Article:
Room for genuine development

What we really need in today’s environment, is room for genuine development. People in organizations want to understand why they are supposed to change. Established patterns of thought can only be questioned through reflection and irritation. This requires new learning formats as well as new criteria for measuring the learning progress.

The number of training days along with participant satisfaction are still the main performance indicators in HR development. It has been scientifically proven that neither are valid criteria for measuring learning progress.

Using participant satisfaction as an indicator actually prevents learning and development. It does not foster a change in mindset. If we truly consider irritation an important factor in facilitating openness to change, we will have to take into account a negative short-term impact on participant satisfaction.

I’d like to go even further: Profound development does not happen within a two-day workshop. A workshop may be a good starting point, if it serves as a wake-up call. No (external) trainer is willing to take that risk, though, if success is measured based on participant satisfaction.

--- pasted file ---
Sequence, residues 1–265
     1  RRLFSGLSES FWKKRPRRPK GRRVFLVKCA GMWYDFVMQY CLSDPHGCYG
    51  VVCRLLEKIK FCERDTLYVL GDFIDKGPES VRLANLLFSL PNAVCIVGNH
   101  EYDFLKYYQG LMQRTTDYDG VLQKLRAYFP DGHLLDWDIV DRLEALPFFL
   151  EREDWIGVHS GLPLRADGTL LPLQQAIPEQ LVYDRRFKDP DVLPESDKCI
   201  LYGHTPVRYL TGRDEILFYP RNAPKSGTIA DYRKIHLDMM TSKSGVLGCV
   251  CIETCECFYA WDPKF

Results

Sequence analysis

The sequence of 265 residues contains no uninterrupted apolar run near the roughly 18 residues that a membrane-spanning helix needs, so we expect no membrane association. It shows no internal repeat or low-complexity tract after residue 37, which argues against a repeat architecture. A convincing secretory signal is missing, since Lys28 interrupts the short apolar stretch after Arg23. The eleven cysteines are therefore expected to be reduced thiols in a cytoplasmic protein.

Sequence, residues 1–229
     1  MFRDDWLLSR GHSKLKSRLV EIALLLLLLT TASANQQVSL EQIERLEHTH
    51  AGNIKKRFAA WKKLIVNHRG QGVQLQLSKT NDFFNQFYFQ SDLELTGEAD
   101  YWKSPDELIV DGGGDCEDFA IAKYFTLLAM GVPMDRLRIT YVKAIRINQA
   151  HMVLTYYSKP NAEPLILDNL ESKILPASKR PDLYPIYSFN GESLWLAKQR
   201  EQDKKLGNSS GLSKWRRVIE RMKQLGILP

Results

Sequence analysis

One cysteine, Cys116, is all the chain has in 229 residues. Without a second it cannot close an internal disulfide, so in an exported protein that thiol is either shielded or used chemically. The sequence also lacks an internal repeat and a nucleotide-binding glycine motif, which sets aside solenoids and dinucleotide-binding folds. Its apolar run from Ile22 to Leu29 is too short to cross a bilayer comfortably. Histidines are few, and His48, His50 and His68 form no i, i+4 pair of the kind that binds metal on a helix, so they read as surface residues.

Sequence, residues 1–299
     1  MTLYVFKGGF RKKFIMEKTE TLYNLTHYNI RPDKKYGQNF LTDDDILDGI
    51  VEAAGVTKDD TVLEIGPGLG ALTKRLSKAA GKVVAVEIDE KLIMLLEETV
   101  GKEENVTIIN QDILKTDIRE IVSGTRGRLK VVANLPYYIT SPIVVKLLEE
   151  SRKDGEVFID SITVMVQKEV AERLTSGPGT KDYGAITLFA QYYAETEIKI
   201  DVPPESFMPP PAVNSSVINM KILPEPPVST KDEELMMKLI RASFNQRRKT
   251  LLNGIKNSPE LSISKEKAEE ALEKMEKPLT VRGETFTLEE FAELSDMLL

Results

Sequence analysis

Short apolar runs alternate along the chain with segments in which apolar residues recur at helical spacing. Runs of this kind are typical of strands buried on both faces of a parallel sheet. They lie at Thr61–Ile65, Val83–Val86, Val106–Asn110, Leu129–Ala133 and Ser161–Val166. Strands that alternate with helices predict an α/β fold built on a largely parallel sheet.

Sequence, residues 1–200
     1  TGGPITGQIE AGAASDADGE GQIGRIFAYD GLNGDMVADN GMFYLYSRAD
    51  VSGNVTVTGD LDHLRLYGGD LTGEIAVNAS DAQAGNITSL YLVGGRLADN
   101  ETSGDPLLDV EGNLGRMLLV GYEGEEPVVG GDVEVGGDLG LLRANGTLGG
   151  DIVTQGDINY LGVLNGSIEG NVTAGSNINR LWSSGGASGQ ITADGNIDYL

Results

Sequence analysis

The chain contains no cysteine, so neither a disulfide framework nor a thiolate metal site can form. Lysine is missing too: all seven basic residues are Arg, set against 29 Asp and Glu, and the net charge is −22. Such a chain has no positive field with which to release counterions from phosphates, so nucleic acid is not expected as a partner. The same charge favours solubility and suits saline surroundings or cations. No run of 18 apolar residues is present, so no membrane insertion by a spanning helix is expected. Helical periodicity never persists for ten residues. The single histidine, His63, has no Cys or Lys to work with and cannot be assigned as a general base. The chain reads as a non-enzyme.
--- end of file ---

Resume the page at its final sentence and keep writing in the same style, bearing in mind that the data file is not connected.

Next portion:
This creates a friendly fire based on pseudo agility: “We’re working really hard on becoming agile.” This kind of learning is really only a Potemkin Learning Village. Agile on the outside. Hollow on the inside. An expensive whitewash.

Introducing exponential learning

Learn what you need: Transform your HR development into a holistic platform for people and teams. This platform will radically differ from the current training departments offering a fragmented class program. HR will increasingly become a learning facilitator that helps employees accept responsibility for their own development. The platform strengthens and connects knowledge and expertise within the company. This promotes exponential learning, a critical success factor in a highly dynamic environment.

Friendly Fire Nr. 3:

Insufficient goal identification

In the military world, friendly fires often occur because of insufficient goal identification based on poor visibility due to darkness or bad weather.

In a business context, high market dynamics and increasing complexity may blur a company’s vision. Instead of slowly approaching a goal step by step, companies fire their ‘best shot’ from a distance, frequently causing collateral damage.

Aiming at customer value

What does that mean for HR managers? The first essential question is whether the goal has actually been identified. The purpose of HR is to best possibly support all other business divisions in creating customer value and move up the value chain.